Supported by Financial Mechanism of European Economic Area (Grant PL0226), Polish Ministry of Science (Grant E023/P01/2008/02/85), South-Eastern Regional Health Authority, Norway, and Barnestiftelsen, Norway. 
Disclosure: E.J. Wollen, None; P. Kwinta, None; M. Bik-Multanowski, None; A. Madetko-Talowska, None; Y. Sejersted, None; M.S. Wright, None; C.-C. Günther, None; S. Nygård, None; O.D. Saugstad, None; J.J. Pietrzyk, None 
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Figure 1
 
Experimental design. Experimental groups are shown. Statistical comparisons were performed among the clinically relevant groups H21, H40, H60, H100, C21, and C100. aOf 67 animals assigned to gene expression analysis, 8 animals died during hypoxia, and 2 were excluded due to technical problems.
Figure 1
 
Experimental design. Experimental groups are shown. Statistical comparisons were performed among the clinically relevant groups H21, H40, H60, H100, C21, and C100. aOf 67 animals assigned to gene expression analysis, 8 animals died during hypoxia, and 2 were excluded due to technical problems.
Figure 2
 
Overall gene expression is shown of BAMarray analysis (a): the number of differentially expressed genes after cut-off FC of ≥1.2 or ≤0.8 are shown as upregulated (white bars) or downregulated (black bars) in the four different hypoxia groups, each of which was compared to controls (C21). (b) The number of differentially expressed genes are shown after cut-off FC of ≥1.2 or ≤0.8 altered in mice reoxygenated with supplemental oxygen compared to mice reoxygenated with air (H21). (c) The effect of hypoxia during reoxygenation with either FiO2 0.21 or 1.00 is shown. (d) The effect of hypoxia (H21 versus C21) compared to hyperoxia per se (C100 versus C21) is shown.
Figure 2
 
Overall gene expression is shown of BAMarray analysis (a): the number of differentially expressed genes after cut-off FC of ≥1.2 or ≤0.8 are shown as upregulated (white bars) or downregulated (black bars) in the four different hypoxia groups, each of which was compared to controls (C21). (b) The number of differentially expressed genes are shown after cut-off FC of ≥1.2 or ≤0.8 altered in mice reoxygenated with supplemental oxygen compared to mice reoxygenated with air (H21). (c) The effect of hypoxia during reoxygenation with either FiO2 0.21 or 1.00 is shown. (d) The effect of hypoxia (H21 versus C21) compared to hyperoxia per se (C100 versus C21) is shown.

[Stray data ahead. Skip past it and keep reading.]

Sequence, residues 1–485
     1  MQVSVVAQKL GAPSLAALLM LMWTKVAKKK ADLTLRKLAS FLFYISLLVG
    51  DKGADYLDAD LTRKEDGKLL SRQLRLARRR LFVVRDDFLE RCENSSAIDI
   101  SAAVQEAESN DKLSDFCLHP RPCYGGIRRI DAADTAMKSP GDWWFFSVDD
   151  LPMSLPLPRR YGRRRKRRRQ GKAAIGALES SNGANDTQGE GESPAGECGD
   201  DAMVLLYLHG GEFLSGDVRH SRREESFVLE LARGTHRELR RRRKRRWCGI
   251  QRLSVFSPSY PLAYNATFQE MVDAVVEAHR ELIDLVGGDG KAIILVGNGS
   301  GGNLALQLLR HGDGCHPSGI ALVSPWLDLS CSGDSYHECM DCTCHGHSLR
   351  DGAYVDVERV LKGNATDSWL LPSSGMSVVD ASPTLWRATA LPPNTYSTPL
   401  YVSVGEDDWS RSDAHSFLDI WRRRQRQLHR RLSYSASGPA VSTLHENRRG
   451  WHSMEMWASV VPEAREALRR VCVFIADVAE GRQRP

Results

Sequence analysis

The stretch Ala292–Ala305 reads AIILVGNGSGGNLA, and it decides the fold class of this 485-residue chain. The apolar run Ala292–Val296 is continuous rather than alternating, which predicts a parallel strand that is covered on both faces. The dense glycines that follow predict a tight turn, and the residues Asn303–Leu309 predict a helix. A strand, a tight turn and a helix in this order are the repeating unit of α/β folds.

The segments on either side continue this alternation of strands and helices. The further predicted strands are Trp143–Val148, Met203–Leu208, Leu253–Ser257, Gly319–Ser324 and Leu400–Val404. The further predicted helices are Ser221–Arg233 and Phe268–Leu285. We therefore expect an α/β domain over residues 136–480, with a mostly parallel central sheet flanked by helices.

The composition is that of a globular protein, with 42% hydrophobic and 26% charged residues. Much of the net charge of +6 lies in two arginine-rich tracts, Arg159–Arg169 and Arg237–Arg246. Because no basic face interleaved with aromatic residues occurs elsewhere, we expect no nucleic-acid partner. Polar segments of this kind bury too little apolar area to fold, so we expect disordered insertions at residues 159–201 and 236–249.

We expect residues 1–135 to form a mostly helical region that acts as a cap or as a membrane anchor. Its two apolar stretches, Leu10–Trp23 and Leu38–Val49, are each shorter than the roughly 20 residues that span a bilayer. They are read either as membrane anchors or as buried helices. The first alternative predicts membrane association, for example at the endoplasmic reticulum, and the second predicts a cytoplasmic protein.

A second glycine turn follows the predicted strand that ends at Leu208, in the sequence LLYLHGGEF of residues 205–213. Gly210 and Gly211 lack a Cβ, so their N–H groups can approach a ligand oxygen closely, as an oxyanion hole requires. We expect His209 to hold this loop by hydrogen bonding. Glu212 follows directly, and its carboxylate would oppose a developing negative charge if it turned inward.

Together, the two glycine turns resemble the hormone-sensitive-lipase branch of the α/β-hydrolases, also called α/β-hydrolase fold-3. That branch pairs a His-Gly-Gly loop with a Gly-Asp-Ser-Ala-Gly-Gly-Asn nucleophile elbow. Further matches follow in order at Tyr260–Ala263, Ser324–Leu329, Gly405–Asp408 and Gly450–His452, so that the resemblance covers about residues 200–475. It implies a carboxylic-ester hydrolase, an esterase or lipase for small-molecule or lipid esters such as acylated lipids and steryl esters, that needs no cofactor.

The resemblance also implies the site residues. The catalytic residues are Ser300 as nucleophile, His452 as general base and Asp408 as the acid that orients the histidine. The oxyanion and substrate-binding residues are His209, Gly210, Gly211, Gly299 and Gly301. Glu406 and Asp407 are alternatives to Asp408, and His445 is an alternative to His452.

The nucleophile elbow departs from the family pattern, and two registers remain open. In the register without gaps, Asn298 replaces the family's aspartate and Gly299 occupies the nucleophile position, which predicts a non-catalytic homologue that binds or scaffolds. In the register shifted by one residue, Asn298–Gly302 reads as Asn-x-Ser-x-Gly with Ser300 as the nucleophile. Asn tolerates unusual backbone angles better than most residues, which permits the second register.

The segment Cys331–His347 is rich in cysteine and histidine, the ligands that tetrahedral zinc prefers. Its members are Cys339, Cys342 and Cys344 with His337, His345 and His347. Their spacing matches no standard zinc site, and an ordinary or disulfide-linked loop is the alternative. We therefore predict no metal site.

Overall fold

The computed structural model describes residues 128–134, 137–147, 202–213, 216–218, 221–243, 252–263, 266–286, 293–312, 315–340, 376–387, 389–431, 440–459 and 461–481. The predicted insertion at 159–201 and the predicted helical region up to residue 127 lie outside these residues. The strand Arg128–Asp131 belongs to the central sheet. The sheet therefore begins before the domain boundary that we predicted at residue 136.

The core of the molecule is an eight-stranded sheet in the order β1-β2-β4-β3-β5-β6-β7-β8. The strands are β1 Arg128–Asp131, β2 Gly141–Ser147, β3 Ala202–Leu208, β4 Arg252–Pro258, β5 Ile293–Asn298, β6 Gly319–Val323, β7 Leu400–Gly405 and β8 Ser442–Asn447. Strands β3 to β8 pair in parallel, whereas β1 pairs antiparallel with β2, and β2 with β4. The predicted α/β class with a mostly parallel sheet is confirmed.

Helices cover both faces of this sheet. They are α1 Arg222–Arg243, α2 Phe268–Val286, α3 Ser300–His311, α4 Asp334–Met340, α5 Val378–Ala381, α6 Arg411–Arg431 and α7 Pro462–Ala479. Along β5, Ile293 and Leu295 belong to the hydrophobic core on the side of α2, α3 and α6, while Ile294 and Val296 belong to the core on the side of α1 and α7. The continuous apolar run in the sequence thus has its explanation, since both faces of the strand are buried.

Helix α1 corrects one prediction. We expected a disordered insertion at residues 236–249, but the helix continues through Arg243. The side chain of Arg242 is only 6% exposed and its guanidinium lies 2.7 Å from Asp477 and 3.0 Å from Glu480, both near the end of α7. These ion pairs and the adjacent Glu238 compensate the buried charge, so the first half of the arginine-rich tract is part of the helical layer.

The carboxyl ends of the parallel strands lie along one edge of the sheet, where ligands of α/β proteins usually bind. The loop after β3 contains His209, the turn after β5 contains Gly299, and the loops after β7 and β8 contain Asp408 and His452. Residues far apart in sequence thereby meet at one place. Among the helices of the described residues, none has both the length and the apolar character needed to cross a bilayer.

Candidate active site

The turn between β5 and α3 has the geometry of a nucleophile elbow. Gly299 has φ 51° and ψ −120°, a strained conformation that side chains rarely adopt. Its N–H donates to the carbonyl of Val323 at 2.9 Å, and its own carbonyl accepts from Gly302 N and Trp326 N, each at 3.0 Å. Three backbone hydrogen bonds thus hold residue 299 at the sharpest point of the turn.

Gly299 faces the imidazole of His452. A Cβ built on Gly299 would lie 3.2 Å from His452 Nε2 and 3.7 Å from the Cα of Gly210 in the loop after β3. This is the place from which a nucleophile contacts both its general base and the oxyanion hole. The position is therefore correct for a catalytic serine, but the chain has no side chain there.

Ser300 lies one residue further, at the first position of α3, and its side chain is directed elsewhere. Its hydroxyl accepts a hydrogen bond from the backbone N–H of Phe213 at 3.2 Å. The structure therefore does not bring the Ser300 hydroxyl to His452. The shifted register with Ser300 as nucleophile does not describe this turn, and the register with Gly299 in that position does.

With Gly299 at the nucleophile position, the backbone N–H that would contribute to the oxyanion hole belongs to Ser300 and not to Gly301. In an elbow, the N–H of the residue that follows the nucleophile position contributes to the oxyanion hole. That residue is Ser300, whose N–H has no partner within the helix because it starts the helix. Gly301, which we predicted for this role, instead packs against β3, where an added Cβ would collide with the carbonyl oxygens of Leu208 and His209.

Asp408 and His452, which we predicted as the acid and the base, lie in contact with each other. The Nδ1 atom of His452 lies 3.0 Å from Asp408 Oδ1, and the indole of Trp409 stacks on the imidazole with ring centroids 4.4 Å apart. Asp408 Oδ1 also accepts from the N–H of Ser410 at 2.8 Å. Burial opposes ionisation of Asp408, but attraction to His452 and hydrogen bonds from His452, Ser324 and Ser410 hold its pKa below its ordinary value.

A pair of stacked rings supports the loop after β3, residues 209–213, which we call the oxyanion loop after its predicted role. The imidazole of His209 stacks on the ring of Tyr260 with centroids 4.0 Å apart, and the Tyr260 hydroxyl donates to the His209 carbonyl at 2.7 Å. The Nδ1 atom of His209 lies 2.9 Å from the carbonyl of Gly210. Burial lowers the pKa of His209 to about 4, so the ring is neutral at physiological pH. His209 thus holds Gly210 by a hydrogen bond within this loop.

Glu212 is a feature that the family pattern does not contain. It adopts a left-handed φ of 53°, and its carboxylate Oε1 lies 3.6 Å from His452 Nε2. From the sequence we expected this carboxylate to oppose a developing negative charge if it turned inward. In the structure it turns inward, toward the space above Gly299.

Figure 3
 
Uniquely and jointly expressed genes are shown. Venn diagrams indicate the number of jointly and uniquely differentially expressed genes identified from the BAMarray analysis, followed by further cut-off FC of ≥1.2 or ≤0.8. The number of genes uniquely expressed in each comparison is indicated in the outer circle. Jointly expressed genes between two or more comparisons are denoted at the intersections of the circles. All three groups are compared to controls (C21). Genes listed are all upregulated and unique for either H60, H100, or C100.
Figure 3
 
Uniquely and jointly expressed genes are shown. Venn diagrams indicate the number of jointly and uniquely differentially expressed genes identified from the BAMarray analysis, followed by further cut-off FC of ≥1.2 or ≤0.8. The number of genes uniquely expressed in each comparison is indicated in the outer circle. Jointly expressed genes between two or more comparisons are denoted at the intersections of the circles. All three groups are compared to controls (C21). Genes listed are all upregulated and unique for either H60, H100, or C100.
Figure 4